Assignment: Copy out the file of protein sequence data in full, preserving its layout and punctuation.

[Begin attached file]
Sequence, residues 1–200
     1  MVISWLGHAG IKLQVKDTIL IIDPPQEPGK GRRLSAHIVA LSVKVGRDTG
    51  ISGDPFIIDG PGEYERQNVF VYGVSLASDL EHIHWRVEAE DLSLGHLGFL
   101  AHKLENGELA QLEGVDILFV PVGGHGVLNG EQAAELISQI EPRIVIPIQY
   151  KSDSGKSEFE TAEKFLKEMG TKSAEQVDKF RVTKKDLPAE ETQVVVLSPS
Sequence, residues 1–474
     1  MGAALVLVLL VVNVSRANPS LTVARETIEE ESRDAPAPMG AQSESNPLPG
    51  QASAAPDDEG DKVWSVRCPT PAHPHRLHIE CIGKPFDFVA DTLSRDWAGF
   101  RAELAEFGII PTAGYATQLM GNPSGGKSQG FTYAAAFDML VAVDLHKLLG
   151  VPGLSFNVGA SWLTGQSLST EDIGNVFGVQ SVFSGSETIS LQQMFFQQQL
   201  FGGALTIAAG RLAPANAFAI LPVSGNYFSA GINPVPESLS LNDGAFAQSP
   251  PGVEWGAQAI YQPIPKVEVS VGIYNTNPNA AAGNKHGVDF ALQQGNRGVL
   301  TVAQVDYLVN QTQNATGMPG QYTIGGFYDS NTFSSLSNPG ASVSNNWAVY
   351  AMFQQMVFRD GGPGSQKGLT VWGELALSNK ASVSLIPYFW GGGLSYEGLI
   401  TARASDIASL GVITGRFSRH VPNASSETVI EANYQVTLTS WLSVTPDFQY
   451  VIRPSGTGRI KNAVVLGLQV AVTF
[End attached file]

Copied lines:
Sequence, residues 1–200
     1  MVISWLGHAG IKLQVKDTIL IIDPPQEPGK GRRLSAHIVA LSVKVGRDTG
    51  ISGDPFIIDG PGEYERQNVF VYGVSLASDL EHIHWRVEAE DLSLGHLGFL
   101  AHKLENGELA QLEGVDILFV PVGGHGVLNG EQAAELISQI EPRIVIPIQY
   151  KSDSGKSEFE TAEKFLKEMG TKSAEQVDKF RVTKKDLPAE ETQVVVLSPS
Sequence, residues 1–474
     1  MGAALVLVLL VVNVSRANPS LTVARETIEE ESRDAPAPMG AQSESNPLPG
    51  QASAAPDDEG DKVWSVRCPT PAHPHRLHIE CIGKPFDFVA DTLSRDWAGF
   101  RAELAEFGII PTAGYATQLM GNPSGGKSQG FTYAAAFDML VAVDLHKLLG
   151  VPGLSFNVGA SWLTGQSLST EDIGNVFGVQ SVFSGSETIS LQQMFFQQQL
   201  FGGALTIAAG RLAPANAFAI LPVSGNYFSA GINPVPESLS LNDGAFAQSP
   251  PGVEWGAQAI YQPIPKVEVS VGIYNTNPNA AAGNKHGVDF ALQQGNRGVL
   301  TVAQVDYLVN QTQNATGMPG QYTIGGFYDS NTFSSLSNPG ASVSNNWAVY
   351  AMFQQMVFRD GGPGSQKGLT VWGELALSNK ASVSLIPYFW GGGLSYEGLI
   401  TARASDIASL GVITGRFSRH VPNASSETVI EANYQVTLTS WLSVTPDFQY
   451  VIRPSGTGRI KNAVVLGLQV AVTF